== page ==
Diane Sanfilippo: The only other thing I’m looking at in her wording was, “we both have persistent antibodies to yeast,” And I wonder if that’s simply because of an excess prevalence of it. So if it is a case where she could go to a practitioner who is going to test for Candida overgrowth, Candida is present in our bodies, but it’s whether or not we have an overgrowth of it that it becomes an issue. So I’d be curious as to whether or not this could just be a Candida overgrowth causing the intolerance to it. I know Christa Orecchio's program; we did an interview with her you guys can check out in the archives. But her program, she definitely doesn’t recommend people are eating any fermented foods or any of that while they’re trying to cure a Candida overgrowth, or heal a Candida overgrowth, but that is one other thing I would just look into; because, is it really an allergy? Or are the persistent antibodies just because you’ve got the infection going on that you need to work on clearing, and then you might be able to eat those foods.

I mean, any time we’re dealing with some kind of intolerance or something like that, I always want to challenge the system and say, is there something we can heal, so that then those foods aren’t irritating you. It’s different if it’s a food allergy; we don’t really want to mess with those. But if you just feel like you’re not sure that you tolerate certain things, then that could be worth looking into.

6. Formula-fed baby, dairy allergy later? [31:06]

Liz Wolfe: Alrighty. Ok, this one is from Bella. It’s a formula question. “Hi girls! Thank you for a great and informative podcast. I have a question about something you guys mentioned in the previous podcast about infant formula.” And just as a note, this previous podcast could mean any podcast previously. {laughs} I’m not sure when we talked about it. “For someone raised on formula, would that affect them as adults; like a dairy allergy, digestive issues, etc? I was never breastfed as a baby, and have suffered a lot from ear inflammation as a child, and anxiety and depression as well as digestive issues. I’ve tried to take dairy out of my diet, but it’s so addictive. I always fall back on the dairy wagon. Any thoughts on this? I can’t find information about it anywhere. Thanks, and love you both.”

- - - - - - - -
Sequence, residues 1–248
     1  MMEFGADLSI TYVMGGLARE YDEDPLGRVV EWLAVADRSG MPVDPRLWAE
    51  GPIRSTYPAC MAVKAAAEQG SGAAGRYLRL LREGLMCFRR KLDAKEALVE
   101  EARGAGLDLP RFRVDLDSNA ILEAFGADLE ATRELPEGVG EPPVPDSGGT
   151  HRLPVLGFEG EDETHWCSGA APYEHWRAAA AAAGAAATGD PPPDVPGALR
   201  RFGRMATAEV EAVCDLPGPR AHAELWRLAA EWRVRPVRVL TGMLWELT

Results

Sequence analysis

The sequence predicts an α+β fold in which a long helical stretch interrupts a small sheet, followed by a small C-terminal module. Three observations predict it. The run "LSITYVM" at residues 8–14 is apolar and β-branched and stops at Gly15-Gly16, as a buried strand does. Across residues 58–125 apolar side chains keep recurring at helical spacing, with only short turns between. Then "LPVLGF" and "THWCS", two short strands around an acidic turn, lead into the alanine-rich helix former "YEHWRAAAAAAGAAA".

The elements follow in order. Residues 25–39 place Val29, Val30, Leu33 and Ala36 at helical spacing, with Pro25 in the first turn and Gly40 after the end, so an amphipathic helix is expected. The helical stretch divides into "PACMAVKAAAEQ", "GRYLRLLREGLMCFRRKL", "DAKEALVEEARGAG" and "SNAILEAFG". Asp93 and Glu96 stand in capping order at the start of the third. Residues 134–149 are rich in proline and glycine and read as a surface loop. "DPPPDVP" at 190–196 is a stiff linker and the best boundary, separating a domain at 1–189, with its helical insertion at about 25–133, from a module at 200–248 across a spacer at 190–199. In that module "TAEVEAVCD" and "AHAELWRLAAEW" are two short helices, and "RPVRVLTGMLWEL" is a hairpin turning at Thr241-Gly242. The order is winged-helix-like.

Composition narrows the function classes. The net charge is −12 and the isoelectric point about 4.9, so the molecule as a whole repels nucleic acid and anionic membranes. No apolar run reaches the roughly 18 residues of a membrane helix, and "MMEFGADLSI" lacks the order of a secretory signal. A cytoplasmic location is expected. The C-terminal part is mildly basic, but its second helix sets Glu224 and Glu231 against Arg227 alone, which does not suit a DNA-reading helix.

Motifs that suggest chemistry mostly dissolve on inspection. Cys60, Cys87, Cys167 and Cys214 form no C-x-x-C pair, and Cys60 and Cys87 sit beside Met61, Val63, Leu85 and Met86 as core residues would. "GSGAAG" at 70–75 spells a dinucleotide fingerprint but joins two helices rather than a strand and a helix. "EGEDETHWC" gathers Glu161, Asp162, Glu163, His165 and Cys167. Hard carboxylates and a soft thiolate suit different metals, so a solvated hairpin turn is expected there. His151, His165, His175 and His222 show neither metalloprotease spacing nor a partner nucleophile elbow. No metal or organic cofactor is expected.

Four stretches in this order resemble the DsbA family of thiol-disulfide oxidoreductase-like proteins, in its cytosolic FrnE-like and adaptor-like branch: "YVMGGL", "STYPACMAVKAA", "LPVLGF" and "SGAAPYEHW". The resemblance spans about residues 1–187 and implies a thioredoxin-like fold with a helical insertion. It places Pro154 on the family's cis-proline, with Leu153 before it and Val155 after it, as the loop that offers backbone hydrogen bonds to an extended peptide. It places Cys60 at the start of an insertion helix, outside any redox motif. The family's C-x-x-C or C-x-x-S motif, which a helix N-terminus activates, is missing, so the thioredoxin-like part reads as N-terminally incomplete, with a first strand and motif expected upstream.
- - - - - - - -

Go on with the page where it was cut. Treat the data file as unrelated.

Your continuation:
Well, sorry Bella but I just have to say that all of these things, they depend. And it sucks so bad. I was just talking; who I was talking to, probably Arsy from Rubies and Radishes about how hard in particular motherhood is because you just never know what’s wrong. And I wish, and this applies to everybody, it would just be so nice if we could just have a computer readout on every exact thing that was going on and why, and trace things back to why things are happening and when they started.

This is something that I’ve done a ton with regards to my/our birth story. Just trying to figure out why things went the way they went. But there’s no clear moment where I can say; this is what lead to this which is what lead to this, and etc. So it’s just so hard, and I think a lot of us in these situations where we just can’t figure things out and we want to know the root of the issue so we can fix it; we just have to somehow find a way to come to peace with the not knowing. Because I just don’t know if this is something you will ever figure out the root cause of. But that doesn’t mean that you can’t heal it; that you can’t bring it into harmony.